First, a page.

Chancellor Angela Merkel is in Turkey again. It is her fifth visit in eight months to a country that is the linchpin of her refugee policy.
Yet support at home is eroding as popular opposition mounts to the European Union’s refugee deal with Turkey and to Ms. Merkel’s approach to the crisis.
Nearly 60 percent of all Germans oppose the refugee deal, according to a survey conducted by the polling firm Forsa on behalf of Handelsblatt. Only 31 percent of those surveyed support the agreement.
Ms. Merkel is to discuss the deal with Turkish President Recep Tayyip Erdoğan on the sidelines of the U.N. World Humanitarian Summit in Istanbul on Monday.
The chancellor has staked her political future on the successful implementation of the deal.
“I am convinced that it’s in German, European and Turkish interests, and especially in the interests of those who are fleeing war and persecution,” Ms. Merkel said of the deal in an interview published Sunday with the Frankfurter Allgemeine Sonntagszeitung. She said she understood the criticism, but added: “what irritates me is that it sometimes looks almost as if people are looking forward to it failing.”
Earlier this month, a government spokesman said there’s no “Plan B” and denied reports that E.U. members were considering alternatives should the deal with Turkey collapse.
According to the same Forsa poll, only 44 percent of Germans would support Ms. Merkel remaining chancellor after the 2017 federal elections.
Under the refugee deal, the European Union agreed to grant Turkish citizens visa-free travel if Ankara brings its standards into line with Brussels in 72 areas, including the rule of law and basic rights.
The deal has become increasingly controversial in Germany as Mr. Erdoğan has moved to centralize his political power, has targeted his domestic political opponents and has refused to meet E.U. demands.
On Friday, the Turkish parliament voted to rescind the immunity of 138 parliamentarians, including 50 of the 59 members of the Kurdish HDP party.
“One should never become dependent or allow oneself to be blackmailed.”
Before departing for Istanbul on Sunday, Ms. Merkel expressed “great concern” that the lifting of immunity could have “grave consequences” for Kurdish politicians. But she also indicated that Europe needs Turkish cooperation in the refugee crisis.
“There is of course a mutual dependency,” Ms. Merkel told the Frankfurter Allgemeine Sonntagszeitung. “You can also call it the necessity of balancing interests.”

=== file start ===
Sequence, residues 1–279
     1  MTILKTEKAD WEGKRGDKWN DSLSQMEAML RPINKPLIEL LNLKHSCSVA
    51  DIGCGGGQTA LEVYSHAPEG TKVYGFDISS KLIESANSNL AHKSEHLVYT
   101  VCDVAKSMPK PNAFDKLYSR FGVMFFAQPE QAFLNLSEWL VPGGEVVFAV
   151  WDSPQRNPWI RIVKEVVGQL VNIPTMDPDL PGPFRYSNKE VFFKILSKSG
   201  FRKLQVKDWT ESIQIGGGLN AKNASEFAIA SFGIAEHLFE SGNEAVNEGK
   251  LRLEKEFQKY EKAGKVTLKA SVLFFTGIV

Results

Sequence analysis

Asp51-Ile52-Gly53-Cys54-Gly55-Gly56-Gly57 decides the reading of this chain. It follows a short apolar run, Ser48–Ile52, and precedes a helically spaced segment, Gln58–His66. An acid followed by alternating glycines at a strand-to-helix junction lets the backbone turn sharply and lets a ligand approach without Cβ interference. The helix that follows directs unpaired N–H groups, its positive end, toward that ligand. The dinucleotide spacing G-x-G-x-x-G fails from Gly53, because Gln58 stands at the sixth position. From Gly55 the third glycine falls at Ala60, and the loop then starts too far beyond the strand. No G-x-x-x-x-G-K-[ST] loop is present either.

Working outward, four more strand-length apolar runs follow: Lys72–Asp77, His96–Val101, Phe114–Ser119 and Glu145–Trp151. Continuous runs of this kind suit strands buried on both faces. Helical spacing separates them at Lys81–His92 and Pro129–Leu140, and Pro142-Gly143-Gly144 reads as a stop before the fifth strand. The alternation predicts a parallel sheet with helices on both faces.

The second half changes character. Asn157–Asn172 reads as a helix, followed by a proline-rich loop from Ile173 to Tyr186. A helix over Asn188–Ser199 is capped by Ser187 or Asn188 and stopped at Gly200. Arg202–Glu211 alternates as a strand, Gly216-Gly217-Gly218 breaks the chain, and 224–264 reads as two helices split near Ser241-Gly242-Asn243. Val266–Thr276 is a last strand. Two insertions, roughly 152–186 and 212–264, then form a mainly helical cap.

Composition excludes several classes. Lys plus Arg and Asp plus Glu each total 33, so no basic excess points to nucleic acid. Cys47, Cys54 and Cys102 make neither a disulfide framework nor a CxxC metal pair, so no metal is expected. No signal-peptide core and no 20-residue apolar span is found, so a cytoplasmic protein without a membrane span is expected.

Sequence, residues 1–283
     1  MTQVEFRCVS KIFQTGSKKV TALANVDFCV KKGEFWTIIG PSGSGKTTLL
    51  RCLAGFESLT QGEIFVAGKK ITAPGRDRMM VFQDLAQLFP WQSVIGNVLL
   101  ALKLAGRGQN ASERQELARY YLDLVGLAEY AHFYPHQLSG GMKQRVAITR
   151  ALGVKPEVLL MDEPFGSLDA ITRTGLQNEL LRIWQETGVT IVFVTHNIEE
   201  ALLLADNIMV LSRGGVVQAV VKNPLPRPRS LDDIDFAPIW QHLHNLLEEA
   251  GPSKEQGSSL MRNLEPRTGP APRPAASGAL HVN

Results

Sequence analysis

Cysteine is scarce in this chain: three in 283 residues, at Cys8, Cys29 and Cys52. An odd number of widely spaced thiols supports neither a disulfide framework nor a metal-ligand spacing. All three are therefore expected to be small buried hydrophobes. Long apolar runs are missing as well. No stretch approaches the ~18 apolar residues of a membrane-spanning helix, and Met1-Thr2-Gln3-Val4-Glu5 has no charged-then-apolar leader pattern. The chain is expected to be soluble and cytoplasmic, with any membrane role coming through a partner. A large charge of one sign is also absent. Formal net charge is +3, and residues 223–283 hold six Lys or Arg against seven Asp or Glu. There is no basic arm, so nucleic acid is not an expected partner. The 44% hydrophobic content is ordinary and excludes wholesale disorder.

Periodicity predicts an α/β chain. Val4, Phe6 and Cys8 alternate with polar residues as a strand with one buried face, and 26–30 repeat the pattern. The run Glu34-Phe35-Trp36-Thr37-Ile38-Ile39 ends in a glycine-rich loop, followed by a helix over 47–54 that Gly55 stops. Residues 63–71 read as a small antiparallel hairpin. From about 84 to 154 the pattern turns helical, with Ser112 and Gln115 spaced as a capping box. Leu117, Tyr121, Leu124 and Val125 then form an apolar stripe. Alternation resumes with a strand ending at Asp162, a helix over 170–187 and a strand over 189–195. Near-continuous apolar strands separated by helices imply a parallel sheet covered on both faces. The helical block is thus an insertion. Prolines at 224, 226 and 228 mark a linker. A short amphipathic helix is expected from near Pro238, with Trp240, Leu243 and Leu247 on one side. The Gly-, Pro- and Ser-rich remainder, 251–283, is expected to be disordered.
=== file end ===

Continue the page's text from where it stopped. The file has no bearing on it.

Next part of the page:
The perception that Germany has become dependent on Turkey has exacerbated the already deep split in Ms. Merkel’s conservative camp over her handling of the refugee crisis.
A full 70 percent of the Christian Social Union, the Bavarian sister party of Ms. Merkel’s Christian Democrats, oppose the refugee deal with Turkey.
Horst Seehofer, leader of the CSU and Bavarian premier, told German public television over the weekend that the German government has been restrained in its criticism of Mr. Erdoğan for fear of “jeopardizing the deal” with Turkey.
“One should never become dependent or allow oneself to be blackmailed,” Mr. Seehofer said. “That’s a line for me, and I hope Ms. Merkel also clearly draws this line.”
Under the refugee deal, Turkey agreed to accept the return of migrants and refugees caught making the dangerous journey across the Aegean Sea to Greece. The European Union has agreed to accept one Syrian refugee for each migrant returned to Turkey. So far only 177 Syrians have been relocated to Europe, while 723 further applications have been approved.
Since the deal was implemented, asylum applications in the European Union declined to about 68,000 in April, the lowest number in a year. However, the number of those trying to make it to Europe via North Africa and Italy has surged.
In exchange for the deal, Brussels promised €6 billion in aid and visa-free travel for Turkish citizens if certain conditions are met by Ankara.
One of the most contentious conditions is a reform of Turkey’s broadly written anti-terrorism law. With parliamentary immunity now lifted, there’s concern the law could be used to prosecute Kurdish politicians.
So far, however, the Turkish government has refused to budge on the anti-terrorism law, citing the threat of attacks from the PKK, a Kurdish militant group.
“With the PKK, we face a despicable entity that has a broad network…,” Mustafa Yeneroglu, the chairman of the Turkish parliament’s human rights committee, told Handelsblatt. “In Turkey, the anti-terrorism laws are not up for debate.”
Burhan Kuzu, an advisor to Mr. Erdoğan, said earlier in the month that Turkey would scuttle the refugee deal if the European Union fails to grant Turks visa-free travel.
“The European Parliament will discuss the report that will open Europe visa-free for Turkish citizens,” Mr. Kurzu tweeted. “If the wrong decision is taken, we will send the refugees (back to Europe).”
The fact that the European Union’s chief interlocutor on the issue, outgoing Prime Minister Ahmet Davutoğlu, has since been forced out, has increased concerns about the reliability of the Turkish regime. On Sunday, an Erdoğan loyalist, Binali Yildirim, was elected leader of ruling Justice and Development Party, or AKP, meaning he will soon be appointed prime minister. In his first speech as AKP leader, Mr. Yildirim called on the European Union to be clear about Turkey’s membership prospects.
“The E.U. has one thing to do,” he said. “It has to put an end to confusion on the subject of Turkey’s full membership, and on migration. The time has come to know what they think about Turkey.”
Jan Hildebrand is Handelsblatt’s deputy bureau chief in Berlin. Till Hoppe is the paper’s security policy correspondent. To contact them: firstname.lastname@example.org, email@example.com. Ozan Demircan, Siobhán Dowling, Gerd Höhler, Thomas Ludwig and Frank Specht contributed to this article.